a baron on 22 Feb. 1306-7, and took part in all the important councils of that and the succeeding reign (Parl. Writs, passim). In 1321 he joined Thomas of Lancaster (Chron. of Edward I and Edward II, ii. 61). He died in 16 Edward II (1322-3), his manors at his death being thirteen in number, and including Grasmere and Windermere in Westmoreland (Cal. Inq. post mortem, i. 304). His shield of arms was argent, a fess gules between three parrots, vert (Matt. Paris, vi. 477). He was succeeded in the barony by his three sons, William, Robert, and Thomas, who all died without issue. On the death of Thomas, the fourth baron, in 1374, the barony fell into abeyance (G. E. C[okayne], Complete Peerage, vii. 400). Thwing and Kilton Castle passed into the hands of the Lumley family by the marriage of their sister Lucy to Sir Robert Lumley (Ord, Hist. of Cleveland, p. 269).
John of Bridlington (d. 1379) [q. v.], sometimes called John Twenge or Thwing, probably came of the same family as the Barons Thweng.
[Matt. Paris's Chron. Majora, ed. Luard, iii. 217-18, 609-13, iv. 47, vi. 72, Bartholomew Cotton, p. 216, Annales de Dunstaplia ap. Ann. Monastici, iii. 129 (Rolls Ser.); Pedes Finium Ebor. (Surtees Soc.), p. 11 n.; Lingard's Hist. ii. 207. For Marmaduke see, besides authorities cited, Raine's Letters from Northern Reg. pp. 237, 247, 351, Hardy's Reg. Pal. Dunelm. ii. 438, 1050 (Rolls Ser.); Stevenson's Doc. illustr. Hist. of Scotland, i. 113; Rymer's Fœdera (Record edit.), vol. i. pt. ii. passim; Roberta's Cal. Genealog.; Survey of the County of York (Surtees Soc.), pp. 129, 307; Cal. Patent Rolls, Edward I and Edward II, passim.]
THYER, ROBERT (1709–1781), Chetham librarian and editor of Butler's 'Remains,' son of Robert Thyer, silk weaver, by his wife, Elizabeth Brabant, was born at Manchester, and baptised on 20 Feb. 1708-9. Educated at the Manchester grammar school, he obtained an exhibition in 1727 to Brasenose College, Oxford, whence he graduated B.A. on 12 Oct. 1730. Returning to his native town, he was elected librarian of the Chetham library in February 1731-2, and continued in that office until 3 Oct. 1763. His diligence as librarian was certified by the trustees on his retirement, and by his successor, in the Latin preface to the Chetham Library catalogue, 1791. He was one of the scholars who supplied notes to Thomas Newton (1704-1782) [q.v.], afterwards bishop of Bristol, for his edition of Milton's 'Paradise Lost,' He published in 1759 'The Genuine Remains in Verse and Prose of Samuel Butler, with Notes,' 2 vols. 8vo, and he contemplated a new annotated edition of 'Hudibras.' Dr. Johnson praised Thyer's erudition and editorial labours, while Warburton and others have condemned them. A new edition of the 'Remains' came out in 1827, with a portrait of the editor, after a painting by Romney, now in the Chetham Library. John Hill Burton, in his 'Bookhunter,' mentions this portrait, mistakenly thinking that Thyer himself had published it, and speaking unkindly of 'drudging Thyer's … respectable and stupid face.' Thyer was an intimate friend of his townsman John Byrom [q. v.], and many of his letters, as well as a specimen of his verse, are printed in Byrom's 'Remains.' He was also on terms of close friendship with the Egertons of Tatton, Cheshire, and derived considerable pecuniary benefit under the will of Samuel Egerton, M.P. He died on 27 Oct. 1781, and was buried with his ancestors in Manchester collegiate church.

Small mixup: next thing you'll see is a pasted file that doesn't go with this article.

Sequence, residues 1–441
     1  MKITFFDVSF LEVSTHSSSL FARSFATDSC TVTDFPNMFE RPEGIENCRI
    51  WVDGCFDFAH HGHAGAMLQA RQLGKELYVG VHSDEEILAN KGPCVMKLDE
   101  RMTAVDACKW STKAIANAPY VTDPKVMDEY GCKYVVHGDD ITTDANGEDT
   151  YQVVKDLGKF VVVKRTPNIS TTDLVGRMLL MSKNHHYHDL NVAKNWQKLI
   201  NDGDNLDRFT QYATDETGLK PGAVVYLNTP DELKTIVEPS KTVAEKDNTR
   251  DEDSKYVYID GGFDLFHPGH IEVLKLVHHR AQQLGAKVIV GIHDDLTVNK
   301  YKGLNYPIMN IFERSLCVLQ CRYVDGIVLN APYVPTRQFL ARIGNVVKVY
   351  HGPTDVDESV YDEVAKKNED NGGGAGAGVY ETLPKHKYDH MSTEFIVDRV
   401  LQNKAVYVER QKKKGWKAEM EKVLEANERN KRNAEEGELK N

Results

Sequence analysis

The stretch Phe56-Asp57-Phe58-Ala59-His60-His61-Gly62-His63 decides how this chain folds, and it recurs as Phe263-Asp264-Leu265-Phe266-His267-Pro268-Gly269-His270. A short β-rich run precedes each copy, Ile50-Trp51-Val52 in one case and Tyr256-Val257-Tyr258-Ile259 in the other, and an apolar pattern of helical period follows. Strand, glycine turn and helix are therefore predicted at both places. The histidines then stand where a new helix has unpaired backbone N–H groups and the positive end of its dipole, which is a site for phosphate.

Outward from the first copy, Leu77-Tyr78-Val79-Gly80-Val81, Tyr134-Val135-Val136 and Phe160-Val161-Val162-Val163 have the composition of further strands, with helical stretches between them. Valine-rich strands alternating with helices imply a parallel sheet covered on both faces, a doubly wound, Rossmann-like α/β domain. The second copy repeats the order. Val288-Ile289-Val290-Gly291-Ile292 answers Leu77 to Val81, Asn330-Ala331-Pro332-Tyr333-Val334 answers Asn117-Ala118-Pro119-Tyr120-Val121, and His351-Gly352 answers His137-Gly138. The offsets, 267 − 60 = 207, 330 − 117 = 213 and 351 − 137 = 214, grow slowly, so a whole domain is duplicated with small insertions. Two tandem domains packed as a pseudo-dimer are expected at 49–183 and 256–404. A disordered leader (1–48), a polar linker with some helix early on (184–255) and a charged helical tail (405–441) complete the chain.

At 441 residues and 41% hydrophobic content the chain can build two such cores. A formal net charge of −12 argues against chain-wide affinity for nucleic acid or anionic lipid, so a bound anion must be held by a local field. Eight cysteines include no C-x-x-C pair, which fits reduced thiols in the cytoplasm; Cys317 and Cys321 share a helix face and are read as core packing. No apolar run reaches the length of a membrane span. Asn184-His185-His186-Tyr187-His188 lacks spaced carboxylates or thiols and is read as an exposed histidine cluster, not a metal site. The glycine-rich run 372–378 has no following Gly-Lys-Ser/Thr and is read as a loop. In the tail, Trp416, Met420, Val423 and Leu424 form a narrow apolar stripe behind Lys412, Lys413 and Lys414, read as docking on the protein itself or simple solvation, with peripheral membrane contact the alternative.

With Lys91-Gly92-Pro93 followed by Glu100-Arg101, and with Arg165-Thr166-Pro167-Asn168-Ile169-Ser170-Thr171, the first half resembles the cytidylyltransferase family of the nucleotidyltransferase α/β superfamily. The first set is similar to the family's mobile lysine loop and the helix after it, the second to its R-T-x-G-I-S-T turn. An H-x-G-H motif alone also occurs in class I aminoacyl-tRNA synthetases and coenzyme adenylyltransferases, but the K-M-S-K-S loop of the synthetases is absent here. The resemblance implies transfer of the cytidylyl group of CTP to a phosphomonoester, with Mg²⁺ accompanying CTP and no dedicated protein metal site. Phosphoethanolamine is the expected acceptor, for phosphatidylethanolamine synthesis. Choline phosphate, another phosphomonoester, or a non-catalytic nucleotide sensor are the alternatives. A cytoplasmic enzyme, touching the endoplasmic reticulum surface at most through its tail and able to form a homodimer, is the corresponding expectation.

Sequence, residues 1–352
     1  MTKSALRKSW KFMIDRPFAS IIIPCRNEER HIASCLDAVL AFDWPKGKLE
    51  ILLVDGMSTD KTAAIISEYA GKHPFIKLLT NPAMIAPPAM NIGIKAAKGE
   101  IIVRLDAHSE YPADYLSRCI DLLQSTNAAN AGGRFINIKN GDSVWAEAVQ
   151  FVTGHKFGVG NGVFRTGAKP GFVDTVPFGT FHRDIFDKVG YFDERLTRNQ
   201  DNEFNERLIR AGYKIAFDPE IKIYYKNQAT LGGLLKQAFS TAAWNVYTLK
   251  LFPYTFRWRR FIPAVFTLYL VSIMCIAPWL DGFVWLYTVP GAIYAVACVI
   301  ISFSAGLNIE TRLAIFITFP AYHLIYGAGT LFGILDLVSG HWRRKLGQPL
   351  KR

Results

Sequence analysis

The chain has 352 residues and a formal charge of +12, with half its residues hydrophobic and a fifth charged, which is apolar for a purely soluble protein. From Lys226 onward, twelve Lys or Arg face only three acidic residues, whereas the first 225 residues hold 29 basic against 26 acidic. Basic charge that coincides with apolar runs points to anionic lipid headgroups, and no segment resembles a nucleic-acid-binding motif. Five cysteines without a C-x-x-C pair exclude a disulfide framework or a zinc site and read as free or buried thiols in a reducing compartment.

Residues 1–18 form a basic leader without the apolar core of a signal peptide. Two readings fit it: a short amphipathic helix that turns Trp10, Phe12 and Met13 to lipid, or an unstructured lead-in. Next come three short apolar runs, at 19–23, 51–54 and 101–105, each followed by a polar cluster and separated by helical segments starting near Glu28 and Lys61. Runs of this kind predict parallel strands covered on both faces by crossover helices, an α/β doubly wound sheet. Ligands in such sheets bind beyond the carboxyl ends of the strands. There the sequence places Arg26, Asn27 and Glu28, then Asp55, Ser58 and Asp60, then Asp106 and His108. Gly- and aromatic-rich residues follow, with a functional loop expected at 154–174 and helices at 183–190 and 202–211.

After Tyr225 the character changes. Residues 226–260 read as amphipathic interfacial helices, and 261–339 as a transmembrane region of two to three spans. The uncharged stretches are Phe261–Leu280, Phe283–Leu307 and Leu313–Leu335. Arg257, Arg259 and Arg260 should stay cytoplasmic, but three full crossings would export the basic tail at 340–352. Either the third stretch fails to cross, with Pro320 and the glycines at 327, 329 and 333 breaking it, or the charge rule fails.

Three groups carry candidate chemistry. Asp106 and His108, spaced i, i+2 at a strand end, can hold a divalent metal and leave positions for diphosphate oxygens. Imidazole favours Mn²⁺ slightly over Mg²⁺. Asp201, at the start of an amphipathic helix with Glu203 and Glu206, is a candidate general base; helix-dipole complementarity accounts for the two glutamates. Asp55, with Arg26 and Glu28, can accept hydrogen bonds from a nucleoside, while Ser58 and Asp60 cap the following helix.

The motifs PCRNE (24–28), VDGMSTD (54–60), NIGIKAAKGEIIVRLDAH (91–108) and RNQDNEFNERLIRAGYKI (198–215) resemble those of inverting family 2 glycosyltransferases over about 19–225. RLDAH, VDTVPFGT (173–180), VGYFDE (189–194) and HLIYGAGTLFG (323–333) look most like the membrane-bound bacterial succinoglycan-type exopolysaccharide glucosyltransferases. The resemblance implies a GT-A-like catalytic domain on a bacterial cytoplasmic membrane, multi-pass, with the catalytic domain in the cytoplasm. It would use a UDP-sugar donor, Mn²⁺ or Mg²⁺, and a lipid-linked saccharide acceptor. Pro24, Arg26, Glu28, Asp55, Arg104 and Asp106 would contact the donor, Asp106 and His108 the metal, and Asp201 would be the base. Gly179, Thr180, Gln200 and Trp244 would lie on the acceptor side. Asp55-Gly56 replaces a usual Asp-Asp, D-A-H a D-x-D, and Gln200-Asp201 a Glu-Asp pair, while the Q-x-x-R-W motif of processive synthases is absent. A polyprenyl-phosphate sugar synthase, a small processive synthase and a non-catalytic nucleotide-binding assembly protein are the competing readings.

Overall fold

He married, on 9 Dec. 1741, Silence, daughter of John Wagstaffe of Glossop, Derbyshire, and of Manchester, and widow of John Leigh of Middle Hulton in Deane, Lancashire. His children all predeceased him. Some of Thyer's manuscripts are in the Chetham Library.
[Manchester School Register (Chetham Soc.), i. 39; Byrom's Remains (Chetham Soc.), i. 509 et passim; Byrom's Poems (Chetham Soc.); Palatine Note-book, ii. 203; Foster's Alumni Oxon. 1715-1886.]
THYNNE, FRANCIS (1545?–1608), Lancaster herald, who sometimes called himself Francis 'Botevile,' only son of William Thynne [q. v.], the editor of Chaucer, by his second wife, Anne, daughter and coheiress of William Bonde, esq., was born in 1544 or 1545, certainly in Kent, and probably at Erith. He studied at Tunbridge school under John Procter, and is commonly reputed to have subsequently received his education in each of the English universities. This is an error, to which Wood has given currency in 'Athenæ Oxonienses.' He was admitted a member of Lincoln's Inn on 23 June 1561 (Lincoln's Inn Registers, 1896, i. 68). During the time he studied there he formed an intimacy with Thomas Egerton, subsequently Lord Ellesmere and lord chancellor [q.v.] He was admitted an attorney, but it is supposed that he did not practise his profession to any extent. At the outset of his life he was devoted to poetry and general literature, and eventually he pursued with ardour the study of the history and antiquities of England.
He certainly lived once at Poplar, and in